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    Well, I don't ignore it. I've complied in all instances, but I honestly don't know why they take exception at all is my point. As mentioned, I used a craft where the kids make "matchbooks" out of index cards, for reading comprehension during the reading of a novel. The 5th grade teacher took issue with it, because (I guess) she thinks it is her thing. I found it on pinterest.

    I mentioned a few of the other instances above... in all instances, I don't know why I am the one in the wrong. I never said I read core novels that they read, nor do I teach material that they cover in 4th or 5th.
     
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  16. John Lee

    John Lee Groupie

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    Well, I do extend the courtesy because in all cases, I defer. But shouldn't they extend me the same courtesy? What you describe (about new teachers doing something you do because they think it is "cool"), isn't that what you want? For an example, I've set up a green screen and have done various things with it with my classes as well as the school. If another teacher chose to use it, I wouldn't take exception to it (in fact, I encourage it), that it would ruin a sense of wonderment for my students.
     
  17. John Lee

    John Lee Groupie

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    If you read the comment I replied to, I thought it was as much curt & dismissive as it was constructive & wanting to be helpful.
     
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  18. John Lee

    John Lee Groupie

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    Agree completely. To use the example I've given earlier, I did a Rube Goldberg unit with my summer school class (of which, a small number go to my original school during the regular year). She told me not to teach it though, which I don't understand at all. 1) It was summer school 2) I taught them some science concepts and they created their machines. If she teaches it, those kids with experiences will simply be accessing it at a higher level, which should be fine! It is as if she wants everyone to be a blank slate, which makes no sense. This is a prime example of what I mean (proprietary).
     
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  19. 2ndTimeAround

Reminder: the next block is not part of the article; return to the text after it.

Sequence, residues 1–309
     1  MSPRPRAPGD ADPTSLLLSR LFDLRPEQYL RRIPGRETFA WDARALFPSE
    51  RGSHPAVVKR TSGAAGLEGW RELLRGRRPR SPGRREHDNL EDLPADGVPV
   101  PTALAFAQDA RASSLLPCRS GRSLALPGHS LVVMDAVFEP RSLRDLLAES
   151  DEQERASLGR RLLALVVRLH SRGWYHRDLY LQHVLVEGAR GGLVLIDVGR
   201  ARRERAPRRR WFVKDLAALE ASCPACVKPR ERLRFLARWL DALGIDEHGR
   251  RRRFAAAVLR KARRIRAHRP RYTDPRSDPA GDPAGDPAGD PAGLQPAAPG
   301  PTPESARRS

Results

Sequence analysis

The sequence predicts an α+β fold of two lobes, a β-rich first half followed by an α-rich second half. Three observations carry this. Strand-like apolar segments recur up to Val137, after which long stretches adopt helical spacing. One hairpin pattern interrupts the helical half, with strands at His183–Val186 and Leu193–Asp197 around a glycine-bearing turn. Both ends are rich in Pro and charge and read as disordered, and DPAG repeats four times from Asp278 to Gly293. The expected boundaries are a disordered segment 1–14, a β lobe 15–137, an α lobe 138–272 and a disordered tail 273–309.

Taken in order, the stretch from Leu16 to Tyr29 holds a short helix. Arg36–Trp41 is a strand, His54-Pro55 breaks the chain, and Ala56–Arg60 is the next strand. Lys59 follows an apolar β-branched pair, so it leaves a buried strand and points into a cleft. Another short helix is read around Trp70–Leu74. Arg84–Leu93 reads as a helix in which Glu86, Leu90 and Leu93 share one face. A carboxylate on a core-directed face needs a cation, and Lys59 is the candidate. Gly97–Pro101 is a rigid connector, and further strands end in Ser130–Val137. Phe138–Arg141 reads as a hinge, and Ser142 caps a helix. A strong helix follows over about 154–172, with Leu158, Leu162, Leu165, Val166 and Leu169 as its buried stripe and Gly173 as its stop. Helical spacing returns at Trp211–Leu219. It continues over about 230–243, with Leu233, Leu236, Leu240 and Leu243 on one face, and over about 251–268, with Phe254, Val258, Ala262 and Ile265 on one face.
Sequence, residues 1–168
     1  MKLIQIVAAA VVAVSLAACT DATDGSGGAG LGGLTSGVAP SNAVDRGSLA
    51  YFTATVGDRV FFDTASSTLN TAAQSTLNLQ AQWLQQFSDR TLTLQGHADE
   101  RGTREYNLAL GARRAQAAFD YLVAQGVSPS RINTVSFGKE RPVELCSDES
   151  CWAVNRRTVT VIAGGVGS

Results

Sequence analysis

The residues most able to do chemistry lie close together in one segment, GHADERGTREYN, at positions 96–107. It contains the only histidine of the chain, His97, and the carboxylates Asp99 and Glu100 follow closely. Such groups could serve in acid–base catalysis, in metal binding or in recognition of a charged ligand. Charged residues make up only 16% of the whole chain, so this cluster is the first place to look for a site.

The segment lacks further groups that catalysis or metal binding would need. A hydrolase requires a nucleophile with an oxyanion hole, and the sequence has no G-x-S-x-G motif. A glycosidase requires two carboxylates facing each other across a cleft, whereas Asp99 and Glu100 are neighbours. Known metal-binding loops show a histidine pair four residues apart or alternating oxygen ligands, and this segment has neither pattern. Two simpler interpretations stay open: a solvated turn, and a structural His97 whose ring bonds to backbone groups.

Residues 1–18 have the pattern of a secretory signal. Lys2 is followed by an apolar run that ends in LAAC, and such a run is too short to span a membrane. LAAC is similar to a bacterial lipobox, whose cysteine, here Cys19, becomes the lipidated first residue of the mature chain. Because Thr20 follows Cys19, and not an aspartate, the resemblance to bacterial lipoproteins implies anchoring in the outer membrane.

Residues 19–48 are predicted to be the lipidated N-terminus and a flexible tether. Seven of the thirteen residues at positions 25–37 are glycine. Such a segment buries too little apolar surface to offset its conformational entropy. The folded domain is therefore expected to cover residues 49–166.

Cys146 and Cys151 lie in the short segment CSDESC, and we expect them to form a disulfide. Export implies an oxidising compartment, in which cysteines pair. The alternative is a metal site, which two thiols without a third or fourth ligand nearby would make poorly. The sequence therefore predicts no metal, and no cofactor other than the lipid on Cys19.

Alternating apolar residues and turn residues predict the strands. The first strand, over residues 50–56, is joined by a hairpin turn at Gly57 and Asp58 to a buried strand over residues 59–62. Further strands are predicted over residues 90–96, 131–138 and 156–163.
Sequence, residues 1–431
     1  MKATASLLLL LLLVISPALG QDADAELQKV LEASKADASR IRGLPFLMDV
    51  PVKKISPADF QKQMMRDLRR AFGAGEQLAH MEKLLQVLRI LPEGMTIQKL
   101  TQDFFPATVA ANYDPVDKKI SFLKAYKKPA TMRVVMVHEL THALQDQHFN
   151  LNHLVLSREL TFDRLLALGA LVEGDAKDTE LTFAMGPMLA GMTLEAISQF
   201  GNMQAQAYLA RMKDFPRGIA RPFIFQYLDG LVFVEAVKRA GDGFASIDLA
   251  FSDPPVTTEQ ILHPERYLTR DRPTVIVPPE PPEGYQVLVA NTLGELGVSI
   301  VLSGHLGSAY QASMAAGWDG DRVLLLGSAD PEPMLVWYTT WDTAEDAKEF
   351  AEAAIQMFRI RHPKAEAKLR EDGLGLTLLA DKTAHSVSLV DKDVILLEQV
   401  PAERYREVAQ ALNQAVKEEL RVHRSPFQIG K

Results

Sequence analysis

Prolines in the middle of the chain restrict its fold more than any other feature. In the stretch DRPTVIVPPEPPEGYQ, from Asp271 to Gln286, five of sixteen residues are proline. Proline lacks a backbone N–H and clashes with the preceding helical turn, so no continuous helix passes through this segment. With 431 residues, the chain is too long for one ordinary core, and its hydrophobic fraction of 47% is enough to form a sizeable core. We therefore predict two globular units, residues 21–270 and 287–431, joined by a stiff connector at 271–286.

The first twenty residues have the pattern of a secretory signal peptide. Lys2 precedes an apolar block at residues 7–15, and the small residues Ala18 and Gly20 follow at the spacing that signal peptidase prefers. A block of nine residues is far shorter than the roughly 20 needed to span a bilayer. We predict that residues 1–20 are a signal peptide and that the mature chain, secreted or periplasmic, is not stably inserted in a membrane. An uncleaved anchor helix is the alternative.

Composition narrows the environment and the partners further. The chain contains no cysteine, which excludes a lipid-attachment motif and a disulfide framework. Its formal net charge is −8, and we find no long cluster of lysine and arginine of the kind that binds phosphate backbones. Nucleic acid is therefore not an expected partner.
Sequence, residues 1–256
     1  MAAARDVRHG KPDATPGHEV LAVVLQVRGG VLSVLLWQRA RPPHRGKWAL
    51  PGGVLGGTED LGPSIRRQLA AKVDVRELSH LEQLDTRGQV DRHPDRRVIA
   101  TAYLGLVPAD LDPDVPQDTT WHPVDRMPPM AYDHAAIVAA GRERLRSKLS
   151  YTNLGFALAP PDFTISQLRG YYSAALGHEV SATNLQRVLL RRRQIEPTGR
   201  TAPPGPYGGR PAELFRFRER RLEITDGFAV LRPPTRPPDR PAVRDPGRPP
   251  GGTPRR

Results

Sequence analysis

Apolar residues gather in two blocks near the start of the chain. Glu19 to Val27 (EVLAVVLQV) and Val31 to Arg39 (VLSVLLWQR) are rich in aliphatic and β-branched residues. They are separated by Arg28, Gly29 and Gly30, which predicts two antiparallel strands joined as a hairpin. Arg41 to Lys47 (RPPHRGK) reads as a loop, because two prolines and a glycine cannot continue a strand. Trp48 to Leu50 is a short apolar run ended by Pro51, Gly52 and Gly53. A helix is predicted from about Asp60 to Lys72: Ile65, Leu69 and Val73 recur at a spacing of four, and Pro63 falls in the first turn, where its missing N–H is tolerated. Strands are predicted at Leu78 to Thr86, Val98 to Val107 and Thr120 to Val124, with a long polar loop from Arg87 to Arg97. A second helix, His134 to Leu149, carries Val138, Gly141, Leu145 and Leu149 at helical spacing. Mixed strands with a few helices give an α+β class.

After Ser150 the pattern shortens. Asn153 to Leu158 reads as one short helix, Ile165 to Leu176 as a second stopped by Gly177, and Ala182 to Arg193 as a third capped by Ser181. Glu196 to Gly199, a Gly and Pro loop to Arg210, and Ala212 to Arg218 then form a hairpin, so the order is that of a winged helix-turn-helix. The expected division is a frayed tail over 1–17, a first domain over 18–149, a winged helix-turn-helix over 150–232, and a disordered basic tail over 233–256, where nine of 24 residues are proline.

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    No, if it is something like using a green screen, I wouldn't be bothered. That's an activity that can be used across different subjects and grades. And the content would be different as a result. But if it is a lab that can be used for different disciplines, and I use it in, let's say, physics, I would rather it not be used in biology and chemistry.

    I have created a review game that I won't share with others in my district. I'm purposefully being selfish because I know that others using it would reduce the novelty and not be as effective in my class. I even limit playing it in my own class to no more than four times per course so that kids keep responding well.
     
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  20. futuremathsprof

    futuremathsprof Aficionado

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    RainStorm, John told the other poster to chill out because you and a2z often seem standoffish. Yes, you have an opinion and you are 100% entitled to it and I absolutely value your opinion, but your posts *seem* to have a lot of attitude in them.

    I’m sorry if you don’t mean that at all and maybe I’m misreading them, but that is the way they come off to me.
     
    Last edited: Nov 10, 2019
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  21. a2z

    a2z Maven

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    LOL

    I had not yet responded to JohnLee when he told another poster to "Chill Out". Yet I am the reason for his comment? LOL :rofl:

    I never knew I had so much power. :D
     
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  22. a2z

    a2z Maven

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    If they have been doing it in the past and you start to do it, you are usurping their lesson whether or not you both found it on pinterest. You are stealing their thunder or so they say. Unintentionally, of course, but you are still doing it.